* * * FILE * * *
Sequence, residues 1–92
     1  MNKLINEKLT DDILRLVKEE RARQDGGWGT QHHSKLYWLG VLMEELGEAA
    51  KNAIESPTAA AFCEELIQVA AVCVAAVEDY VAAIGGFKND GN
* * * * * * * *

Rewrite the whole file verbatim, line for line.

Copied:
Sequence, residues 1–92
     1  MNKLINEKLT DDILRLVKEE RARQDGGWGT QHHSKLYWLG VLMEELGEAA
    51  KNAIESPTAA AFCEELIQVA AVCVAAVEDY VAAIGGFKND GN